In response to the second wave of warning letters, the DSA says it has asked direct sellers, including non-association members, to recommit to following the association’s code of ethics and to quickly correct misleading claims. Companies that do not make the commitment “will not be allowed to become members or remain in the Association,” the DSA says in a statement.
“We urge all companies to follow the requirements of the law and go above and beyond those requirements to ensure that customers and prospective salespeople have and share the most accurate information possible. This is more important than ever in the midst of the health and economic challenges we face.”
During her Q&A with the DSA, Greisman also made clear that the FTC expects direct sellers to monitor all communications made by distributors, and “take action, swift action, before we do.”
“There’s no principle that says you must monitor X number of distributors every day. There’s no guidepost like that,” she told the DSA’s Mariano. “So how much you want to put in it now and how tight you want to make the screws, that’s up to each company. But I would not hesitate to make it a priority today, especially.”
Michael Collins, a former president of LifeWave Inc. who now consults for direct selling companies, says it’s not realistic to expect a company to be able to police every piece of communication made by a distributor.
“There’s no such thing as a perfect world,” he says, noting that the warning letter approach is highly preferred but even then the FTC can still “overreach.”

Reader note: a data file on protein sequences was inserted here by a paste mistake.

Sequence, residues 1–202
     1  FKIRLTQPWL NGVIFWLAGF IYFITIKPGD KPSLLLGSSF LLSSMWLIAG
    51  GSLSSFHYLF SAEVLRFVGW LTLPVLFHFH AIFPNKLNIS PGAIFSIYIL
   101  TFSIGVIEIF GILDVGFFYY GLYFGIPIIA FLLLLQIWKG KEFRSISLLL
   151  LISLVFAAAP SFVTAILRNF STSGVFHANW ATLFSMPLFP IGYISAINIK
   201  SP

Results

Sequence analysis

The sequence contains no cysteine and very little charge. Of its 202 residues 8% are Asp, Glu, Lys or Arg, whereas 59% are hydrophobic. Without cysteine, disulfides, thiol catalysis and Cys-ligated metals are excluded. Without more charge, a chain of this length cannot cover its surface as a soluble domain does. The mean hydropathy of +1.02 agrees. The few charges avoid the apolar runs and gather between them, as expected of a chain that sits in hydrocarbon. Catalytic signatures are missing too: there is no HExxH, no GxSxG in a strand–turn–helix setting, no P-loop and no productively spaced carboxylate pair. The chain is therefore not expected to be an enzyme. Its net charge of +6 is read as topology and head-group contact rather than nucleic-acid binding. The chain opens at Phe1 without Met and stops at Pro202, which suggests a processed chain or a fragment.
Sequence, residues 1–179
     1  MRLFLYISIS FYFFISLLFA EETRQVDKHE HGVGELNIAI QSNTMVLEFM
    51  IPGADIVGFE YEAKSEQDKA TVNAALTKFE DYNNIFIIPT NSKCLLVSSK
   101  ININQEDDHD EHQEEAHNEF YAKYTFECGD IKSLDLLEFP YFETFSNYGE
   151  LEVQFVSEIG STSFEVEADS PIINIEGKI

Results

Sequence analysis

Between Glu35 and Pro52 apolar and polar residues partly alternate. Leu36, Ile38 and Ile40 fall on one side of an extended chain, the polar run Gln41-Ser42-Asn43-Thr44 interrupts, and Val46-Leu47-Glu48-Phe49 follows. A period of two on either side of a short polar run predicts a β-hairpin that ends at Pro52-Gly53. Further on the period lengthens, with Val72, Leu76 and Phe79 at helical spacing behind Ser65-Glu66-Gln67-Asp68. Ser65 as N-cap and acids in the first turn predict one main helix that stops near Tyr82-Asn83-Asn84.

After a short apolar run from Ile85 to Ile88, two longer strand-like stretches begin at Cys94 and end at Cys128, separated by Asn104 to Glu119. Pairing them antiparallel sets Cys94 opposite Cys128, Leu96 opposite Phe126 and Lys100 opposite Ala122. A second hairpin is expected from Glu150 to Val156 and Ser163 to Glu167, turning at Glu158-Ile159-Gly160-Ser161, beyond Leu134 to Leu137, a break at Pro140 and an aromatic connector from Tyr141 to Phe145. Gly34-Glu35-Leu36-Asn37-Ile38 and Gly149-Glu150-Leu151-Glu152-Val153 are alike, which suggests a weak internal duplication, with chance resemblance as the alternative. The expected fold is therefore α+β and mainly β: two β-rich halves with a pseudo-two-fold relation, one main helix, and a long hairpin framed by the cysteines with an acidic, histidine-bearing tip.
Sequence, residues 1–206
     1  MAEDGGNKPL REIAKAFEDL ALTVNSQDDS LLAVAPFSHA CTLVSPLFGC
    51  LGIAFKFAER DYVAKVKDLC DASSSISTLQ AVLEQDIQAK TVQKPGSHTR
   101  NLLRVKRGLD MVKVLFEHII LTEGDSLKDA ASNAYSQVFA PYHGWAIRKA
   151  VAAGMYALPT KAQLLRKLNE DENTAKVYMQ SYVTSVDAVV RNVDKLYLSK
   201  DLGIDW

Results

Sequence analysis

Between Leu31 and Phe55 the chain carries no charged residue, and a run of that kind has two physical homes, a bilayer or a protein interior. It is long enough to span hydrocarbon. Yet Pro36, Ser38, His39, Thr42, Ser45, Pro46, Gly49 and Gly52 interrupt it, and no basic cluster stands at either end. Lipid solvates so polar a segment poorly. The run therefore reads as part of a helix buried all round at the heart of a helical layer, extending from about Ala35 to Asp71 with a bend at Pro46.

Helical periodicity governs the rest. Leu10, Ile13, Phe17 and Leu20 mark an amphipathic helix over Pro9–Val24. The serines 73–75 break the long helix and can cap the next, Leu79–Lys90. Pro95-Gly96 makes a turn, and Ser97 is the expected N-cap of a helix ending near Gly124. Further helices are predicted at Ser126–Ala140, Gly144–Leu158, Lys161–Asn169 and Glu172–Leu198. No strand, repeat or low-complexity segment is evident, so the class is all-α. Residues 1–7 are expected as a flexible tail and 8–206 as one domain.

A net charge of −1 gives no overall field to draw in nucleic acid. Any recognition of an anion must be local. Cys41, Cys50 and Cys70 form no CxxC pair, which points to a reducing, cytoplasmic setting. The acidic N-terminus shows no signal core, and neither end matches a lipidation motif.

Collins, also a former DSA board member, says one example is the FTC restricting distributors from even broadly mentioning anything related to economic hardships brought on by the pandemic when making income claims to recruits.
“I don’t see anything wrong with acknowledging that because of the pandemic we’ve got all these millions of people out of work. It’s a fact. Everybody knows it,” he says. “In this industry, we all have products or services. The other category is the opportunity. It almost seems like what the FTC is saying is you can’t represent that you have a business opportunity.”
He adds: “The FTC is really digging to make those relatively innocuous statements appear to be in violation of the spirit of the FTC’s rules.”
Overall, Collins says, direct sellers are responsible for making sincere efforts to police claims made by their distributors and to act immediately. That even includes firing distributors responsible for bringing in big money.
“You have to make it part of the culture of your company so everybody knows it can happen to them if it can happen to that guy,” he says.
Winston & Strawn’s Sanders says he thinks the issue of whether or not direct sellers are responsible for every claim made by distributors online and elsewhere could be litigated in the future.
“The companies that I interact with, they want their distributors to do the right thing,” he says. “That’s why they are educating them, that’s why they have policies in place. But despite all that, you can still have someone in the field go rogue and make a claim, and you’re still held accountable for the actions of that lone individual.”
Sanders adds, “It’s not a fair burden.”
Still, Momentum Factor’s Gilliam suggests that, at the moment, fairness isn’t up for debate. “The FTC is clearly taking a zero-tolerance policy on anything related to the virus or the economic crisis. We’re no longer in a ‘normal’ compliance environment, so what companies do now really matters.”
“The days of waiting for things to get better on their own, or for regulators to move on to other industries, are over,” says Gilliam. “It’s a whole new world.”